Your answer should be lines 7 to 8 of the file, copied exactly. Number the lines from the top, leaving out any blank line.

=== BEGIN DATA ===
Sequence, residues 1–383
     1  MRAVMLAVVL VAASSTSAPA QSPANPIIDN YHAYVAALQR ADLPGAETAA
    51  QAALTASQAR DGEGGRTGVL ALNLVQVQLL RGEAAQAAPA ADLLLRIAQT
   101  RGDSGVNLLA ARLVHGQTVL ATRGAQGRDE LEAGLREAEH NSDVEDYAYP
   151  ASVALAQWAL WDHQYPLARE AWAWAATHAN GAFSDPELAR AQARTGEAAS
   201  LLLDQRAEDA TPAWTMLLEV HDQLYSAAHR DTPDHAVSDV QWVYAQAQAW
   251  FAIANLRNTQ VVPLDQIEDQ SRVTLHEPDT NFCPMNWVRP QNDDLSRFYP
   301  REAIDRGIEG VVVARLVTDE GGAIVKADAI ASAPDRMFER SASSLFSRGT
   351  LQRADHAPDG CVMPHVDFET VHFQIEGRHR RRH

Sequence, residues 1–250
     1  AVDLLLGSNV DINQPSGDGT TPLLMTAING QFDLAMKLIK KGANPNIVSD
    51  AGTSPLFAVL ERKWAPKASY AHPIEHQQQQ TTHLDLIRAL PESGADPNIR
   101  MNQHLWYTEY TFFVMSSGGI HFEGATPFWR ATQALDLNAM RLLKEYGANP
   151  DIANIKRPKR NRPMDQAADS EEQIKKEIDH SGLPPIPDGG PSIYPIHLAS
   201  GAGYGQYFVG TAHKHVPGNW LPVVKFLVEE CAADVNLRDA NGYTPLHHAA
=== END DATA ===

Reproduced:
   251  FAIANLRNTQ VVPLDQIEDQ SRVTLHEPDT NFCPMNWVRP QNDDLSRFYP
   301  REAIDRGIEG VVVARLVTDE GGAIVKADAI ASAPDRMFER SASSLFSRGT